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Lesson Plan

Skimming and Scanning: Using Riddles to Practice Fact Finding Online

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Grades 3 – 5
Lesson Plan Type Standard Lesson
Estimated Time One 45-minute session
Lesson Author

Nancy J. Kolodziej, Ed.D.

Nancy J. Kolodziej, Ed.D.

Cookeville, Tennessee


International Reading Association


Student Objectives

Instruction & Activities


Student Assessment/Reflections



Students will

  • Develop skills in skimming and scanning online by exploring a website and searching for information to complete riddles

  • Understand the purposes of using skimming and scanning by varying use of these strategies when searching for key information on a website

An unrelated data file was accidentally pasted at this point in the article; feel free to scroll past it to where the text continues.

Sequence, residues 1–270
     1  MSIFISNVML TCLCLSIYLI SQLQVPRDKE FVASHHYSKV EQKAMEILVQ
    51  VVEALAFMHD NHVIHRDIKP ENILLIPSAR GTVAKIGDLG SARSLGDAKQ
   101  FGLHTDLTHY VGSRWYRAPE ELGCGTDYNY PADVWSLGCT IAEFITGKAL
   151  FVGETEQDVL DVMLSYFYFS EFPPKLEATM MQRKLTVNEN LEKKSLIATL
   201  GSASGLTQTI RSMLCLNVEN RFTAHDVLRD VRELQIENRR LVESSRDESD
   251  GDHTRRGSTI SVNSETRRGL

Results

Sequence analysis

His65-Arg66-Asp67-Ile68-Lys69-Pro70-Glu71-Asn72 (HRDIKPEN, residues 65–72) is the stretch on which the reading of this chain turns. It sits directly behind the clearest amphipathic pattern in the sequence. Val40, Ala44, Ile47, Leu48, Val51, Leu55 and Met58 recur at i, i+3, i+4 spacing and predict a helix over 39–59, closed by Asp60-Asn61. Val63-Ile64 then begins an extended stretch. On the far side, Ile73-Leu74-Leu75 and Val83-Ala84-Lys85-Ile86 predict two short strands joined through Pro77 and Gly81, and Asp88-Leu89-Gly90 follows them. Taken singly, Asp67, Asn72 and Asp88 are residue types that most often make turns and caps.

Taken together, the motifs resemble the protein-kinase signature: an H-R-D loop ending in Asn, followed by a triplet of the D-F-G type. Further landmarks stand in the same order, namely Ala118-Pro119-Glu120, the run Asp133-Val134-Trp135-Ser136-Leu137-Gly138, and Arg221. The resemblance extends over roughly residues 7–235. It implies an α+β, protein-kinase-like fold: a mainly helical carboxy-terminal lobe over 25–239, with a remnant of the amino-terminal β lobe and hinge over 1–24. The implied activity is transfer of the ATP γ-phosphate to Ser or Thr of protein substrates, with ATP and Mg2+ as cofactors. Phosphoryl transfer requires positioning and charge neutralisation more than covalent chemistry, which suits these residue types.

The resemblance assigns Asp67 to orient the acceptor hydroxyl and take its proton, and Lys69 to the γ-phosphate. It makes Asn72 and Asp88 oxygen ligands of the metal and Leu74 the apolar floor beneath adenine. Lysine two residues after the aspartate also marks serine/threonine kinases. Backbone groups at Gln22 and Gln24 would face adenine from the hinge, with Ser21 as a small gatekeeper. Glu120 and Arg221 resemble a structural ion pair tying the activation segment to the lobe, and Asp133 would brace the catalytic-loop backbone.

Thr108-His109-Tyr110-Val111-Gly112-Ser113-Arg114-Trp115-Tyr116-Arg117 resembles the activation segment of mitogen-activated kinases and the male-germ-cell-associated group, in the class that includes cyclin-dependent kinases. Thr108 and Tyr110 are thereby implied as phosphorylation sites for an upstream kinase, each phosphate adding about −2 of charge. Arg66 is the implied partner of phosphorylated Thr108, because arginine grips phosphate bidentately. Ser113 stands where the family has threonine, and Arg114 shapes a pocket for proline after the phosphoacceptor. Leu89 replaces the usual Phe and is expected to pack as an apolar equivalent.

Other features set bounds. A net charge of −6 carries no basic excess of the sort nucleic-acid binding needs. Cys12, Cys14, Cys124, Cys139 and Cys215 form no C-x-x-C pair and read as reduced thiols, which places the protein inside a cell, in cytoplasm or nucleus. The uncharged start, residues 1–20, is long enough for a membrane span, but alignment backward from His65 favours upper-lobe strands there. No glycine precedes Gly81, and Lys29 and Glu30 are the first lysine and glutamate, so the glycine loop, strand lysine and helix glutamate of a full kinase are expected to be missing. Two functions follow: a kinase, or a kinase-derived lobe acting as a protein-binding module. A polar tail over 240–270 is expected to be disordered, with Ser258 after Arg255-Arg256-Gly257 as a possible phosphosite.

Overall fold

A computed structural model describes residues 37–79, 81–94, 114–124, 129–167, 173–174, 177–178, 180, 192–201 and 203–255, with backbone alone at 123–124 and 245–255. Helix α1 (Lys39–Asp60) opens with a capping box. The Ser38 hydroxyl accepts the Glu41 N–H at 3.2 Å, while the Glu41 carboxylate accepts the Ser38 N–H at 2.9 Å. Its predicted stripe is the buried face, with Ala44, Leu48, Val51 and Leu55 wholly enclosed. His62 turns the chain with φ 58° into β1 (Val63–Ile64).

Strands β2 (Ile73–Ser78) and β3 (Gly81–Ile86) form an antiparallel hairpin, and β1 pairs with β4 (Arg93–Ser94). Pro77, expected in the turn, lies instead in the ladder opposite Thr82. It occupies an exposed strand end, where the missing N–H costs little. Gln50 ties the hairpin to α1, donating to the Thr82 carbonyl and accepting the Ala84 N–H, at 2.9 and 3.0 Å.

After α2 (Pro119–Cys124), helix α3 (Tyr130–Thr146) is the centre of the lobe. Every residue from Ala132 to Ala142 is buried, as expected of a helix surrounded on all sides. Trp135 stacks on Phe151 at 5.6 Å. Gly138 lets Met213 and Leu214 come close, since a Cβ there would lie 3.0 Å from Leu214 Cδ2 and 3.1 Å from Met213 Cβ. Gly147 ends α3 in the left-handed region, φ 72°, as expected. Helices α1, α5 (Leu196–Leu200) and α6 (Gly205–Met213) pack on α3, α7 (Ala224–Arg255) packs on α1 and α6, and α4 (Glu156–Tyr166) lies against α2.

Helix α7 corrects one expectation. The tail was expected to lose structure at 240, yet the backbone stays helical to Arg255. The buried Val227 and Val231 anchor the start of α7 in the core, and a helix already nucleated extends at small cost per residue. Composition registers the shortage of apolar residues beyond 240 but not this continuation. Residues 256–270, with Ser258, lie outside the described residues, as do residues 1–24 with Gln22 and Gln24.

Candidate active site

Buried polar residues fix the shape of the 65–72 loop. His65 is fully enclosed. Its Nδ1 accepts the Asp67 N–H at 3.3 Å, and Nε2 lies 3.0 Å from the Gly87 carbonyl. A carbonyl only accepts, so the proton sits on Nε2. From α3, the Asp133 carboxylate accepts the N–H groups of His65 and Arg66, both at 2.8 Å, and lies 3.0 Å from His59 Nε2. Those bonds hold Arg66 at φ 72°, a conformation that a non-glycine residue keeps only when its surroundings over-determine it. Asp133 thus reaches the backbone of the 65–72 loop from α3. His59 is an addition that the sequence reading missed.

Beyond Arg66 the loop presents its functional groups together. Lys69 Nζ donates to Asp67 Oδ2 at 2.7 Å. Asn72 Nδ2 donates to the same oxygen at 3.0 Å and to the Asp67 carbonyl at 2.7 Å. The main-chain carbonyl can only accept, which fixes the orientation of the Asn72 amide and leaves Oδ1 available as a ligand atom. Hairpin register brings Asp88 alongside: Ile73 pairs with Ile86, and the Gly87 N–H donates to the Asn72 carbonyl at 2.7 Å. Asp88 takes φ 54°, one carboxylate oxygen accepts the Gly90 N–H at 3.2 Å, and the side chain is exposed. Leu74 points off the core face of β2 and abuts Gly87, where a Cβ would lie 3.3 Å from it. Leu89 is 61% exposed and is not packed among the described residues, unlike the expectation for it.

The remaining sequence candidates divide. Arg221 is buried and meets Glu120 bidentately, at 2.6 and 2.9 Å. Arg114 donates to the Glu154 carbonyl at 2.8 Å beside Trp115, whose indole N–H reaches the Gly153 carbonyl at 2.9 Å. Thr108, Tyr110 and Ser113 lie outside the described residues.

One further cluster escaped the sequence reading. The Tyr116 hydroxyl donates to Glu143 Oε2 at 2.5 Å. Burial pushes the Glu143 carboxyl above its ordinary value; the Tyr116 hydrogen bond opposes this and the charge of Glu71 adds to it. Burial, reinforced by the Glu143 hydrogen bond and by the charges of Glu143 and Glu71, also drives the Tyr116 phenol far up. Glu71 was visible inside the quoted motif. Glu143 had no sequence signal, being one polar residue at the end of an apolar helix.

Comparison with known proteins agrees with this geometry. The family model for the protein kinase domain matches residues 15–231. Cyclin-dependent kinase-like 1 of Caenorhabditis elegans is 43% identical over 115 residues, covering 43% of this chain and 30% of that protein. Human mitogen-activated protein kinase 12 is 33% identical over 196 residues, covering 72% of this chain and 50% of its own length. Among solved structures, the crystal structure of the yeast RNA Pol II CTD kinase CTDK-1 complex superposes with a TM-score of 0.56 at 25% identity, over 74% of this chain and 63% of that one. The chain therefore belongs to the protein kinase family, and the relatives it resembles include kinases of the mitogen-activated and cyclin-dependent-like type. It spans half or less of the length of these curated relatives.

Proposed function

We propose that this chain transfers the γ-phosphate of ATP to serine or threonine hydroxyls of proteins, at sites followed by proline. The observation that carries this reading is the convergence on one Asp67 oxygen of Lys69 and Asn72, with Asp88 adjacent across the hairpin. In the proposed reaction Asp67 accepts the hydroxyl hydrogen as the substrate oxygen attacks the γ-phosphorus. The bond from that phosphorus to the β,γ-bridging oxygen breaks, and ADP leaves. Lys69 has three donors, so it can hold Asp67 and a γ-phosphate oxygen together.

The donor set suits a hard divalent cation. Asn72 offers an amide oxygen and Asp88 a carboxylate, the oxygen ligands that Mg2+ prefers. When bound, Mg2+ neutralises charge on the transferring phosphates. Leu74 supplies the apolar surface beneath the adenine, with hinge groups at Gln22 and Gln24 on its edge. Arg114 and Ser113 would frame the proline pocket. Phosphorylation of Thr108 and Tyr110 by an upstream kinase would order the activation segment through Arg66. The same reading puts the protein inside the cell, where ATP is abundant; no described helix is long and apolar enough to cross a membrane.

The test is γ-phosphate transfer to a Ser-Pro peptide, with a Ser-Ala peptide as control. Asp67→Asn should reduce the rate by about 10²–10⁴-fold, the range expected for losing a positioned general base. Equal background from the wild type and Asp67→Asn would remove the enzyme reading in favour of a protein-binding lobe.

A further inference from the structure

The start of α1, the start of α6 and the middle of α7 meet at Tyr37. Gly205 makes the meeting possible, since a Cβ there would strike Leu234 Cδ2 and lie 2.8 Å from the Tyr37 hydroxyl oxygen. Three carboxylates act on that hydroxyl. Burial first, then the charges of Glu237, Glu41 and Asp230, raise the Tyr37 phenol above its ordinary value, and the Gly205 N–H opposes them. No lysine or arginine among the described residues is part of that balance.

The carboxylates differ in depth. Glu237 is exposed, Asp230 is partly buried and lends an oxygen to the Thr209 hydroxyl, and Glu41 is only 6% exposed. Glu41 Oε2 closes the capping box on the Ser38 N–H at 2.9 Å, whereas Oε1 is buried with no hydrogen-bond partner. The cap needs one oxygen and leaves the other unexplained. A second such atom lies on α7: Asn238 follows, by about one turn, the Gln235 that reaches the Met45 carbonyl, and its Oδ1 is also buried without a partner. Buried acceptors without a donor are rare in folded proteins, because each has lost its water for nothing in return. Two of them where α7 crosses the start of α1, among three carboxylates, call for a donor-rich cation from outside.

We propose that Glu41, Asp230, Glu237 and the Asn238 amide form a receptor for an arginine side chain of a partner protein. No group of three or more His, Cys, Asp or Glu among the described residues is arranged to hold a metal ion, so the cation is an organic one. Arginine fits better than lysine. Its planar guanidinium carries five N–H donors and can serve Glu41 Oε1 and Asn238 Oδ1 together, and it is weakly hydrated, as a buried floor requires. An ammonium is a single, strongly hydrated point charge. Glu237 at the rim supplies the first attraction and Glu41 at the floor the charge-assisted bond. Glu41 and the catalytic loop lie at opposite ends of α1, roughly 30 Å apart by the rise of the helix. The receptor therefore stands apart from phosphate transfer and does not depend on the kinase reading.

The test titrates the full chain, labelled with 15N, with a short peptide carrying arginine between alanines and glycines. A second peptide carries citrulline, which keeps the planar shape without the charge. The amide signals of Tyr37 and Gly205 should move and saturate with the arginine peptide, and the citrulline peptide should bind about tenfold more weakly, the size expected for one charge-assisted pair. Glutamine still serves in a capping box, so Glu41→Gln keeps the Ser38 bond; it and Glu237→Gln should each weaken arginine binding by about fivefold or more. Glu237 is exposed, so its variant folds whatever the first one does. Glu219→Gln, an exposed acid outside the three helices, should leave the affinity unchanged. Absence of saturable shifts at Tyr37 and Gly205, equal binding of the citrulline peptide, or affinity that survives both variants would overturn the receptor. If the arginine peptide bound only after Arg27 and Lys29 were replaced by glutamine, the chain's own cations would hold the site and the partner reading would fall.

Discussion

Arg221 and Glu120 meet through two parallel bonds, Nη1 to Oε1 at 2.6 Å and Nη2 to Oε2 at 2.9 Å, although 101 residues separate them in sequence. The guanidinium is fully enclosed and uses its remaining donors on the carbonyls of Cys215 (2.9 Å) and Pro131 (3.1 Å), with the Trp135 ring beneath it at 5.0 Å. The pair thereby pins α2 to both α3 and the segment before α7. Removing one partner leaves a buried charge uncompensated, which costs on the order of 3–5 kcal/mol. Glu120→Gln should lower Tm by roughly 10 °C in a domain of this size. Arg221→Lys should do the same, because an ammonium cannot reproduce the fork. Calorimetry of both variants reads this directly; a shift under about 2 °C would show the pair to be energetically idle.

• Develop navigational skills by making decisions about where to click on a webpage to locate specific information

  • Adjust reading rate and strategies according to their purpose

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Instruction & Activities

Teacher Modeling

1. Seat students so that they may view your computer screen. The use of a video projector or large-screen monitor is ideal for this part of the lesson.

2. Introduce and demonstrate how to navigate a website as follows:

a. Go to America’s Story from America’s Library: Explore the States and provide a brief overview of the page. For example, discuss the title of the page (Explore the States) and tell students that during this activity they will be using this site to locate information to solve riddles about the states.

b. Demonstrate how to click on a state within the map or the list of states from the pull-down menu to navigate to the state of choice. Note: You must click on the abbreviation of the state in the map.

c. Click on a state and show students that once you navigate to the new page you can return to the original map by clicking on either the Explore the States link at the top of the page or the Choose another State link at the end of the description.